Despite a slowing in global growth, investment markets proved resilient in 2019. Global equities, including the Australian market, have returned close to 20% in AUD terms, led by the Nasdaq which has risen more than 25%. Australian bonds are approaching double digit returns. The year finishes much different to how it started.
The US Fed has turned from raising rates to cutting rates. The RBA changed from saying the next move is up in rates to also cutting rates, and openly discussing the possibility of quantitative easing (QE). Bonds have rallied significantly as yields have fallen. Equity markets have set new highs with developed markets outperforming emerging markets. The technology sector has been a standout and the USD has been strong.
For Australia, our outlook remains optimistic and we expect GDP growth to pick up to 2.8% supported by infrastructure investment. We note the recent policy announcement by Treasurer Frydenberg to provide tax breaks for foreign capital starting large infrastructure projects. More monetary easing is to come from the RBA, but what form it takes is uncertain at this stage.
Credit Suisse believes global growth will be a sluggish 2.5% in 2020 with a mild recovery in industrial production. De-escalation of the trade war should reignite capital spending in the US and China, and Brexit should finally be put to bed. There is sentiment risk attached to the US election, particularly as the leading Democrat contender has strong views on regulating Wall Street and the breakup of big tech. Inflation is under control, but may rise temporarily in the US. The Fed is unlikely to cut rates again and the US should produce GDP growth of 1.8%.
European growth is likely to be stalled at 1%, although resolution of the trade dispute will help exports.
Chinese growth will be a little lower in 2020 compared with 2019 at 5.9%, but still outstrips most of the rest of the world and will benefit from moderate stimulus.
Returns on most core international government bonds are likely to be negative except for the USA which is benefitting from higher yields. Australian Government Bond yields are likely to range trade as the local economy searches for impetus, but should eke out a small positive return. On the other hand, it is difficult to see a positive return for Swiss and European bonds. Within the bond asset class we have a preference for certain corporate investment grade bonds in developed markets, subordinated credits in the financial sector such as those issued by the Australian banks, and high quality covered bonds.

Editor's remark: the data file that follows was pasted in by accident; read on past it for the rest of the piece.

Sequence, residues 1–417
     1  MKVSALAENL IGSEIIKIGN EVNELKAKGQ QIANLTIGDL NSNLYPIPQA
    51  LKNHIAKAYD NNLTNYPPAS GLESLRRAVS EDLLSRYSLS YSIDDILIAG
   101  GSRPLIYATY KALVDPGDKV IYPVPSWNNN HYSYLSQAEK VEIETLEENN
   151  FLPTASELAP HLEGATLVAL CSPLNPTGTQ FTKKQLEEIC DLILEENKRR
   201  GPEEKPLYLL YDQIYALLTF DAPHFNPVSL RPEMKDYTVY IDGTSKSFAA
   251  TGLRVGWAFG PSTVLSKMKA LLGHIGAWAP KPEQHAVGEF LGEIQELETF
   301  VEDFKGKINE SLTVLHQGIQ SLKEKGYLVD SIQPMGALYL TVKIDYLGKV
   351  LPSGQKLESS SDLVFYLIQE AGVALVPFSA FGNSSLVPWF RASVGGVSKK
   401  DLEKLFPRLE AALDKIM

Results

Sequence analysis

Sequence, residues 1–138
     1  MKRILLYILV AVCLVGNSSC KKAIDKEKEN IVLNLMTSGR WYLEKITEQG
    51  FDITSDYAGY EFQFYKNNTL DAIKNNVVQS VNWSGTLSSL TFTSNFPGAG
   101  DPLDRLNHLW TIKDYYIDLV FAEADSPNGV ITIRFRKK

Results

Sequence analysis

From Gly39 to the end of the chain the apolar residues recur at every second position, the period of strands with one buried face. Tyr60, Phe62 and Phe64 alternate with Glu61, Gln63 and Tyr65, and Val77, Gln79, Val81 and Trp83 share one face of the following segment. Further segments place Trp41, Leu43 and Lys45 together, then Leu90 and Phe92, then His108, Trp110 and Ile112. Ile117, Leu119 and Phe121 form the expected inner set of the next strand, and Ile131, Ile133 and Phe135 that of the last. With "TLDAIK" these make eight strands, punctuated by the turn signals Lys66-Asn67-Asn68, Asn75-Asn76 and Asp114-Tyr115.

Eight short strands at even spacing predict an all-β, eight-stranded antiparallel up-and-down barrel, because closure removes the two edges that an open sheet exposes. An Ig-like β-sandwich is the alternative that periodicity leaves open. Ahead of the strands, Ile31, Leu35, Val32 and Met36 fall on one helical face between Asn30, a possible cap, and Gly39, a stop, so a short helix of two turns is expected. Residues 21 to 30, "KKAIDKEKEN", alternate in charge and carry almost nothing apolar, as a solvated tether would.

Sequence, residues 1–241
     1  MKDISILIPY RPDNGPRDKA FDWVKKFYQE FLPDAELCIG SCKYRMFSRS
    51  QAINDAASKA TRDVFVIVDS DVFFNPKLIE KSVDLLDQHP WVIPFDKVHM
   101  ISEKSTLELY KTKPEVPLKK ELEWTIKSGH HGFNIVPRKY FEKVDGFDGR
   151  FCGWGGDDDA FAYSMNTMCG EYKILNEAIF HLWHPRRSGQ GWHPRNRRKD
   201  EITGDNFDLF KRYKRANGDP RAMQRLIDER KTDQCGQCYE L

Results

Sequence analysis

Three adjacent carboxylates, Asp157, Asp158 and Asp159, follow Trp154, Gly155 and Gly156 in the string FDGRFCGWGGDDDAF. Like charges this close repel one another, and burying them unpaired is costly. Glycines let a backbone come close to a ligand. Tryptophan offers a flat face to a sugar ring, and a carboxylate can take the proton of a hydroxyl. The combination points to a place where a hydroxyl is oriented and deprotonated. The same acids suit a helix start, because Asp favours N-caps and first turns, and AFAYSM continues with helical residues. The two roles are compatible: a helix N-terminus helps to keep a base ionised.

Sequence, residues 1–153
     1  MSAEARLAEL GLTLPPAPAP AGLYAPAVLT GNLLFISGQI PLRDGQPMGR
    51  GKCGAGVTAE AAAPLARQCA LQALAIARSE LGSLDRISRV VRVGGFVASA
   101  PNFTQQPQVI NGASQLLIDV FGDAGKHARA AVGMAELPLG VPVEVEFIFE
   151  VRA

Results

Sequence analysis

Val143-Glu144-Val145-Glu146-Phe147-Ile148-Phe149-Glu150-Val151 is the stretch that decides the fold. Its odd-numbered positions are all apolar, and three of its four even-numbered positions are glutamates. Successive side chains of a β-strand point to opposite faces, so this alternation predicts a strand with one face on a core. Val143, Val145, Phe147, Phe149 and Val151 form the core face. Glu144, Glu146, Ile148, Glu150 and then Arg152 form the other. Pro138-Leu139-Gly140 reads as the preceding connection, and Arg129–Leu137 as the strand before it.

Limited earnings growth should translate into single digit returns for the global share market. As we expect a mild recovery in growth, we enter 2020 overweight Emerging Markets and also prefer Financials as a sector, given leverage to a likely steeper yield curve. The key risks are lingering trade uncertainty surrounding the tariff negotiations, and upheaval in the Middle East and Hong Kong. The major economic risk is probably higher than expected inflation, particularly in the US, which would lead to tighter monetary policy. We favour equities over bonds, and in developed markets have a preference for US equities given superior growth prospects and a large technology sector that will benefit from better economic activity. Technology is also benefitting from long term trends in digitisation, automation and artificial intelligence.
With cash our least favoured asset class and lower returns expected for equities and bonds, alternatives look attractive given lower for longer rates and yields. Hedge funds are a broad church but should provide single digit returns uncorrelated with any particular liquid market and improve portfolio stability. Direct real estate exposure in industrial property and flexible office space should continue to benefit from long term trends in digital retail and business disruption. Accessing such opportunities is difficult but fund options are available to diversify the risk.
Finally, private equity (PE) provides an alternative source of return. We are concerned about some examples of PE managers selling assets to other PE managers and so pushing values and returns up, without being tested by for example the IPO or other open market. To avoid future issues around this we like seasoned managers who are top quartile performers. Our research shows the best performers in PE exhibit persistence in returns. Also, we have biased our PE exposure to medium sized managers who are more nimble and operate in the part of the PE market with easier competition for assets.
Overall, we enter 2020 optimistic, like we did in 2019. Returns will be lower than 2019, but nonetheless we see 2020 building on what has been a stellar year.
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Well Done Andrew